A lot of good points made here, I personally think Jim and Tom or on to something, I look at things like long term earnings in this case and figure even if I am skinny or average and make less, in my lifetime I could make more because I can work longer and with less medical bills.

The thing is, as long as I have my good health, I can always make money... Point being, if those who do become overweight make more than skinny people, then will that turn to a case of the Tortoise and the Hare in the long run?

Where are all the women commenters? I can tell you from my own experiences and my female friends', you get a job faster the better you look and make more too. I don't think "thin" is technically what does it though.

I am short, a little chubby, and very friendly looking and I make way less than tall, thin-average women I've spoken with. BUT, I make more than my friends that are obese - except for the one who wears her girth well and likes to show major cleavage. So, I think it depends on the overall package, not just weight.

Girls, if you can't do thin and you aren't a shark in the business world, show some cleavage. It sounds demeaning and I choose not to do it, but it works very well. Or start a blog and nobody cares what you look like. ;-)

Can't necessarily blame weight gain on having kids. I am a stay-at-home mom and now weigh quite a bit less than I did when I was working in an office. With two little kids to keep up with, I definitely don't sit in a chair all day anymore!

I have to second the don't blame kids for weight gain. If anything blame the lifestyle a person chooses to lead. A woman doesn't have to carry extra pounds from each pregnancy. I would say an exception to that is if she had pregnancies very close together. Even then given appropriate time, it shouldn't matter. The human body will rebound fairly quickly given healthy food and a little exercise. I was within 5 lbs of my pre-pregnancy weight 6 weeks after giving birth with no outstanding effort on my part aside from eating well and taking care of my child. Typical saying for after pregnancy weight loss - 9 months on, 9 months off.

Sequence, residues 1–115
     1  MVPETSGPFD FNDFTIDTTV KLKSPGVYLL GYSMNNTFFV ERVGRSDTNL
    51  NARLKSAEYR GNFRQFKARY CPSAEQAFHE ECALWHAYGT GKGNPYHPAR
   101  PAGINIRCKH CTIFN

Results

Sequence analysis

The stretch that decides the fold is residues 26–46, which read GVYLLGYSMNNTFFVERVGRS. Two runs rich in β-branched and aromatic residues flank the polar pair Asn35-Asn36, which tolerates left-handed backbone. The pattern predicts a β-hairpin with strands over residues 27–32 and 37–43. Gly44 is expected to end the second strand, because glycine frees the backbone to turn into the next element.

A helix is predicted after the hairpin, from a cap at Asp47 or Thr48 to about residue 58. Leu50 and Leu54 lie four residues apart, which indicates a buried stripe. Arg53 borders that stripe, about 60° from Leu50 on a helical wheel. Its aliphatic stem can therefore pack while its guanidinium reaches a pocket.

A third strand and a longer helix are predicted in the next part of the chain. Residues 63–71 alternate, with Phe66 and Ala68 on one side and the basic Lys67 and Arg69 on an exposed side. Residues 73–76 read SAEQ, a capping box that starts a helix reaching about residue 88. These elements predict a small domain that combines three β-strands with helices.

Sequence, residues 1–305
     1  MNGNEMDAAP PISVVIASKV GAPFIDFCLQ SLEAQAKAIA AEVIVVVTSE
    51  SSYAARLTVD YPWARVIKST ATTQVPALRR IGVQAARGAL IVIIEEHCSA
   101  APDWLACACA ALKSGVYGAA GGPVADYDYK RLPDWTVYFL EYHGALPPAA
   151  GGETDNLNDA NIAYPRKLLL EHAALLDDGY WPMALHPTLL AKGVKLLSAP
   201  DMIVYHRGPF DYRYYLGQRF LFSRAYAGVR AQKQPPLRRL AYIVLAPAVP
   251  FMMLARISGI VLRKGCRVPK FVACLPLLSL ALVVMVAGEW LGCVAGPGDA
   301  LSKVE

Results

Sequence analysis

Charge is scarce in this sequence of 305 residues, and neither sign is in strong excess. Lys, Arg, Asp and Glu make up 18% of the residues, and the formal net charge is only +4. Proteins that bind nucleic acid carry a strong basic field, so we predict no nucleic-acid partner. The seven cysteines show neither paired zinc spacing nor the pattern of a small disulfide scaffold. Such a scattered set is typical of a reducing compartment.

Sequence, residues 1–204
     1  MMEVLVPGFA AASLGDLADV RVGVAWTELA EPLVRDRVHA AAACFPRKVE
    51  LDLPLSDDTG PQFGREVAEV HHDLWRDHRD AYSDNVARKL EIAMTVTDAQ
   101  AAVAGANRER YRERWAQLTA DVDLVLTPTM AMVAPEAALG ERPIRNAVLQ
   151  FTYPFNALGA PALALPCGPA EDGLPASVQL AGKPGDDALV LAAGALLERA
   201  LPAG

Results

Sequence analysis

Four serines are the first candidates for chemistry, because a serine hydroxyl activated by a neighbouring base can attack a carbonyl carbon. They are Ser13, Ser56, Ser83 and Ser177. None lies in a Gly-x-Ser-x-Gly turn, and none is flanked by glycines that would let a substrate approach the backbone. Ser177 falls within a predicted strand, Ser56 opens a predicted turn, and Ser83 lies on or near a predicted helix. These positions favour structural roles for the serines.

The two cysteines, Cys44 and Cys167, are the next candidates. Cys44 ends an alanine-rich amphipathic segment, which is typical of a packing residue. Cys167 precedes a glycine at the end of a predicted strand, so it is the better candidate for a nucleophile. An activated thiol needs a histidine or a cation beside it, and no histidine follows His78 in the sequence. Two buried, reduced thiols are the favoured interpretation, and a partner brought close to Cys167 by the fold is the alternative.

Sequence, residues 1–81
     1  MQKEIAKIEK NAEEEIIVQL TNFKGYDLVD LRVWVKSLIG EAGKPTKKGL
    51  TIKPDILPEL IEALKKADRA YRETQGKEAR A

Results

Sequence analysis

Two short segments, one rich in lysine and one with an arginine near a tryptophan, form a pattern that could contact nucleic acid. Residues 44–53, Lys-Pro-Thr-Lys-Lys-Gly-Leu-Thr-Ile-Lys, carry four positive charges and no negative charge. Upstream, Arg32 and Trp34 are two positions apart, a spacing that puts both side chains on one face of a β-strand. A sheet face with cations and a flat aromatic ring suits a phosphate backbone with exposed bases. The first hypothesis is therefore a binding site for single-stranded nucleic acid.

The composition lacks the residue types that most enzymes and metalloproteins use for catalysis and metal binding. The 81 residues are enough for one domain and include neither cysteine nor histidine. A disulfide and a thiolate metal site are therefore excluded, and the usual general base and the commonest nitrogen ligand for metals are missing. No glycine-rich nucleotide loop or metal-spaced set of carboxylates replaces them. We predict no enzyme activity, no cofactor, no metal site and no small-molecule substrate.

I'm 5'7" and weight 115 lbs, which is rail thin. And I'm dirt-poor, unable to find work in my career and despite working hard my entire life, never was privy to raises or perks (since my career - graphic design - is over-saturated with people who hold 4-year college degrees and are willing to work for minimum wage just to have a job in their field)

So weight doesn't always matter.
Still, it's messed up that weight and looks should even matter when seeking work. I know I'll have to always work extra hard and do much more than normal people, because other than being thin, I have NOTHING in the looks department, and am well below average in looks (and nothing can fix this, short of extensive plastic surgery). It's so unfair, but unfairness is a horrible fact of life.

@BD, act like you're the hottest hottie in the room and it is amazing how that changes what people see. Confidence and knowledge of your field can trump looks and pretty much anything else. I'm 5'2" and would have been considered "curvy" about 15-20 pounds ago. Yet, I still get respect and great reviews because I know my stuff and know I know my stuff.

My husband "faked it until he made it" with his interviews - he was fresh out of grad school and didn't have hardly any real librarian experience but he acted like he was God's gift and is willing to work hard to catch up. He was hired before he even received his diploma.


You make some good points. In my old company (an Australian owned old school management multi-national) there were two women who made it up the management ladder very quickly, from Sales person to Manager to Director and VP of Sales in 2 years. Both showed off cleavage and there were rumors of her sleeping up to the top with the 65 year old Senior VP of Sales (both women were in their 30's).

They were internally dubbed the SS (sex sells) sisters.

They didn't mind the title, surprisingly enough, and were laughing all the way to the bank.


@Crystal: Thanks for the advice. It's just so hard, because I have so little confidence (due to low self-esteem). But thank you for the advice. I'll try.

I agree with Crystal. I walked around my company like I owned the place, I worked hard and sold more than most of my co-workers. I was friendly, outgoing, bubbly, easy going, non drama girl. I did not show cleavage. Oh and I was much heavier than everyone else. In my head and in my behavior, I owned it. I made the most in commissions in my department. All my other co-workers could not figure out why. It was self confidence. Maybe the majority of "weight proportionate/thin" people have this attitude because they have happy endorphins running through their bodies. Do not underestimate the power of confidence, that zest for life and being passionate about what you do. That helps you make more money. I started a new job, in a new field, 75 lbs lighter, kinda scared and I noticed that I needed to step it up aka change my attitude, dress well and own it. I am. I made that change. It is working ;)